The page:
Congratulations for honoring a fine group of Sportsmen and Sportswomen (Athletes Who Care, Dec. 21). While The Sporting News abandoned its Man of the Year award for 1987 because it apparently could find no one who truly represented what was right about sports. SPORTS ILLUSTRATED honored those who best exemplify not only what it means to be an athlete, but also what it means to be a human being.
JOHN P. GOODROW
Essex Junction, Vt.
Frank Deford's introductory essay ("A Little Lower than the Angels," Dec. 21) and the profiles of the eight caring athletes were genuinely inspiring. Their lives are sermons in themselves. Thanks for the boost.
LAYNE E. FLAKE
Chaplain, Major, USAF
North Highlands, Calif.
You have given all of America's children some real heroes to look up to.
JOHN R. DAVIS
You are to be congratulated for taking the initiative in starting this salute to athletes who care about more than their salaries and themselves. I would encourage you to make it an annual event.
JOHN A. KNUBEL
January 11, 1988
As a parent, coach and educator who seeks to teach sportsmanship rather than gamesmanship, I was heartened by the stories of your Sportsmen and Sportswomen. Dale Murphy's comment—"But to serve one's fellow man is to serve the Lord, and to serve is perfect freedom"—will be my motto for 1988.
GORDON VAN ZANTEN
Of special interest to me was the story about Bob Bourne and his family. I have been a physical educator for 19 years and had the privilege of working with Bourne's son Jeff when he attended the Forest Park Elementary School on Long Island, N.Y., in 1986 and '87. Jeff was an active participant in all of our programs, including swimming and recreational sports. His tenacity and courage helped him overcome a disability (spina bifida) that could have left him confined to a wheelchair. When he walked through the school as part of his prescribed daily exercise routine, his beaming smile, described in your article, lifted everyone.
In addition, Jeff represented our school district at the 1987 New York State Games for the Physically Challenged. He collected three medals, in the slalom walk, shot put and discus.
IRWIN C. HANDBURGER
One addition to your group might have been Rick Hansen, the young Canadian who traveled around the world in his wheelchair—covering a distance equal to the circumference of the globe—to raise money for the study of spinal cord injuries as well as for rehabilitation services and wheelchair sports. His desire and bravery were an inspiration to handicapped people and made us all aware that there are genuine heroes whom young people can look up to.
THE WRESTLING PADRE
Thanks for the touching story of Father Sergio Gutierrez, the wrestling priest of Xometla, and his efforts to feed, house and clothe 86 orphans (A Ring and a Prayer, Dec. 21). It was an appropriate feature both for the season and for an issue dedicated to unselfish, generous-spirited athletes. Fray Tormenta is truly one of the "great right arms" of God.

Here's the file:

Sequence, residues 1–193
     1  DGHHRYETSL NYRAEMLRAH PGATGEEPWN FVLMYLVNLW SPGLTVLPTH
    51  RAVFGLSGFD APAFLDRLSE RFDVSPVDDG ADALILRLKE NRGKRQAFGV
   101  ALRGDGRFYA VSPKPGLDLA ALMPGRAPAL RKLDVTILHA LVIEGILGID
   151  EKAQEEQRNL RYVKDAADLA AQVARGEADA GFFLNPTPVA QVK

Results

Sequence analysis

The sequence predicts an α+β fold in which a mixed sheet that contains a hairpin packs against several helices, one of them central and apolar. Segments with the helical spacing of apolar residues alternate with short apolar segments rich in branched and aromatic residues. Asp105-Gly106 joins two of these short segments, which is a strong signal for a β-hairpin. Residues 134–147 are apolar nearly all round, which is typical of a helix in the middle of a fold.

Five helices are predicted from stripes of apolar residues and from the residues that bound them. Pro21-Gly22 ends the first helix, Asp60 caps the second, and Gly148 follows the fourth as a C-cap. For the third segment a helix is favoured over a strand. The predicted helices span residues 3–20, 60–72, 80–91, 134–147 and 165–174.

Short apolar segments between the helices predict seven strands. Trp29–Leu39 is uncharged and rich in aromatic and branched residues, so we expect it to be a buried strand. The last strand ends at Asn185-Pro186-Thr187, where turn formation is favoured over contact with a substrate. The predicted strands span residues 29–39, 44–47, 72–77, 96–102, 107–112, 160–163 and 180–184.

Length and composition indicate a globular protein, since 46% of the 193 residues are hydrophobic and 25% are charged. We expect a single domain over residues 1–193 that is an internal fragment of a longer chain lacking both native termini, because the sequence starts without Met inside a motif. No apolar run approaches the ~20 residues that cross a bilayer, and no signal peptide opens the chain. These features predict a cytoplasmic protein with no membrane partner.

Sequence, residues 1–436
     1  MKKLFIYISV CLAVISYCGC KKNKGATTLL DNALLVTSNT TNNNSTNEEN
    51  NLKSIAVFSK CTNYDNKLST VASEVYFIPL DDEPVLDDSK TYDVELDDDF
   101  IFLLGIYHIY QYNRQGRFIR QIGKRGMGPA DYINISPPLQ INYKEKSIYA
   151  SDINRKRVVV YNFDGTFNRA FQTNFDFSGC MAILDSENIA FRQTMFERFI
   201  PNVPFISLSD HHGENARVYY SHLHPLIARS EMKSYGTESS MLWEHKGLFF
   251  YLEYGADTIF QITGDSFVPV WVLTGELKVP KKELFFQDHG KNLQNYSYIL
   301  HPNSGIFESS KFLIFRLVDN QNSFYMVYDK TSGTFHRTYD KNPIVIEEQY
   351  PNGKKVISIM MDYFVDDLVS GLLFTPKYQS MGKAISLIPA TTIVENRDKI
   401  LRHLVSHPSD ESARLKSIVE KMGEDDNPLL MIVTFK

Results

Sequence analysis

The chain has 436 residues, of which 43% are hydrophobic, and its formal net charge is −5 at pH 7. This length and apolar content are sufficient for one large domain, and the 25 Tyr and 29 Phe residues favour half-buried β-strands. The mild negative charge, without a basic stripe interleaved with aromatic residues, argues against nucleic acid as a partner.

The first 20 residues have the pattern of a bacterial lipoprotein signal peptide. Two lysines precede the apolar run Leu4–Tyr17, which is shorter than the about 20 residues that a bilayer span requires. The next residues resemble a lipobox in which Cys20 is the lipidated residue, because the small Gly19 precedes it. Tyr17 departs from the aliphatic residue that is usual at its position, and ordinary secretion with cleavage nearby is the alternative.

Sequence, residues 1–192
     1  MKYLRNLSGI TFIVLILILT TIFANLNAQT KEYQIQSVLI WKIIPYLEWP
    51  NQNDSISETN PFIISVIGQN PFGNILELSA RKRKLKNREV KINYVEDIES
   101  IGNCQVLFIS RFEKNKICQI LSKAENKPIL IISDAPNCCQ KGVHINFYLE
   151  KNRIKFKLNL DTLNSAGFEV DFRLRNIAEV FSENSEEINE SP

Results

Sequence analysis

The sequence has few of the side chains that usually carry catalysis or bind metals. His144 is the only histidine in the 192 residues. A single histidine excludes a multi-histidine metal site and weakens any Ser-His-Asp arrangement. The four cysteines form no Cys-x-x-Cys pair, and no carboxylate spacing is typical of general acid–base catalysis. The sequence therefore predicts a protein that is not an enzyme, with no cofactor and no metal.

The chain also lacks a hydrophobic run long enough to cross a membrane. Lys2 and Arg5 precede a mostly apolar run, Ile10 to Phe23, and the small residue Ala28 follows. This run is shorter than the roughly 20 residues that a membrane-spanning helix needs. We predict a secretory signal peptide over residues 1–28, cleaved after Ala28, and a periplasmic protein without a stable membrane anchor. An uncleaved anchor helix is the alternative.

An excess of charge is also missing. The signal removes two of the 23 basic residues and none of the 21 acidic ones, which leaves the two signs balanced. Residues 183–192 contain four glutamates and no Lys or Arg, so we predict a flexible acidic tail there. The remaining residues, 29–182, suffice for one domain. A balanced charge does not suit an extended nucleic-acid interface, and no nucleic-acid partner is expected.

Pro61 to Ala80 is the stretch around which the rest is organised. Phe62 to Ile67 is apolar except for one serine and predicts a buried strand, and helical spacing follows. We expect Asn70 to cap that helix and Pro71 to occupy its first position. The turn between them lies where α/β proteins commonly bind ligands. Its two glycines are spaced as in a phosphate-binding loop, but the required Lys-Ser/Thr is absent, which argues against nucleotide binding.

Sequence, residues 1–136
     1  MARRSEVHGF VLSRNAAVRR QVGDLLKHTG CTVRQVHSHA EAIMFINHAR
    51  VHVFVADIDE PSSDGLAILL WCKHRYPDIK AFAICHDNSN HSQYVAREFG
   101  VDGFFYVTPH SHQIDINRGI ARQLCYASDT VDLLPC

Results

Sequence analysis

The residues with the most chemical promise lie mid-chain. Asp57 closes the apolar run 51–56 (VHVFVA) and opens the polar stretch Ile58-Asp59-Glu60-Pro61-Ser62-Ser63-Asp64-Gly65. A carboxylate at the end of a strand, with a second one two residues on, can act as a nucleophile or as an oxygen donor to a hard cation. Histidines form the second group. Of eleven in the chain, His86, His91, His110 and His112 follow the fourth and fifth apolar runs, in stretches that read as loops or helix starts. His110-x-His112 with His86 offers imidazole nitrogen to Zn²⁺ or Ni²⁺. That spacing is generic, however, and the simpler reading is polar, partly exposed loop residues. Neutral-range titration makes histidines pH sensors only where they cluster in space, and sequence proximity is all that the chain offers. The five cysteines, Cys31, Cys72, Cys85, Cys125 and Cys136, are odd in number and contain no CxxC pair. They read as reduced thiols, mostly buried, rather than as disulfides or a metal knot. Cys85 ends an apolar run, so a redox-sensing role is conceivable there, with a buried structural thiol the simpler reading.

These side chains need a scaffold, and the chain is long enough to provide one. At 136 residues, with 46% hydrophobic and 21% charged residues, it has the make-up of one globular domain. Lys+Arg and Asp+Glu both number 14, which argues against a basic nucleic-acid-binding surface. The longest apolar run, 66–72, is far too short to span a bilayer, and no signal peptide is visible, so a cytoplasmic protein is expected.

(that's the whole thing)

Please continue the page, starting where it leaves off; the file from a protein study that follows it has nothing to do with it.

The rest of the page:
THE JOHN SHEARIN FAMILY
Thousand Oaks, Calif.
Rick Reilly's A Ring and a Prayer was a remarkable story about a remarkable man. As I was reading it on Christmas Eve, I couldn't help but think about the gifts that my children were about to receive. I realized that Father Gutierrez's kids would gladly trade all of them for a chicken dinner. Please let me know where to send a contribution so that I can make a small gesture to help the good padre realize his Cuidad de los Cachorros.
WILLIAM F. LANDRIGAN
•Checks or money orders should be addressed to: Fray Tormenta, Parroquia de San Miguel, Xometla, Acolman, Mexico, C.P. 55895.—ED.
An article by William Taaffe on television cutbacks (It's Bottom-Line Time, Oct. 12) cited the purported extravagant use by Terence O'Neil of a limousine while he was at CBS: "Nobody is going to get away any longer with what Terry O'Neil, then CBS's executive producer for the NFL, did during the '83 playoffs when he dispatched his limo and driver from Dallas to Tampa several weeks before the Super Bowl. Cost to CBS: $17,000."
Those statements are incorrect. In fact, the limousine driver, whom O'Neil and other CBS personnel had used in Dallas for several years, said that he was planning to vacation in Tampa during Super Bowl time. He asked O'Neil whether O'Neil and his CBS colleagues would be interested in using his services, at his standard rate, while they were in Tampa for the Super Bowl. His travel between Dallas and Tampa and return would be at his own expense. O'Neil subsequently engaged the driver's services on those terms for the purpose of transporting himself and his associates to player interviews, stadium rehearsals and required social functions throughout Tampa. Limousine service in such circumstances had been approved by CBS Sports management. The driver logged 90 hours over seven days. The cost to CBS was $4,200.
SI regrets the error.
Letters to SPORTS ILLUSTRATED should include the name, address and home telephone number of the writer and should be addressed to The Editor, SPORTS ILLUSTRATED, Time & Life Building, Rockefeller Center, New York, N.Y. 10020-1393.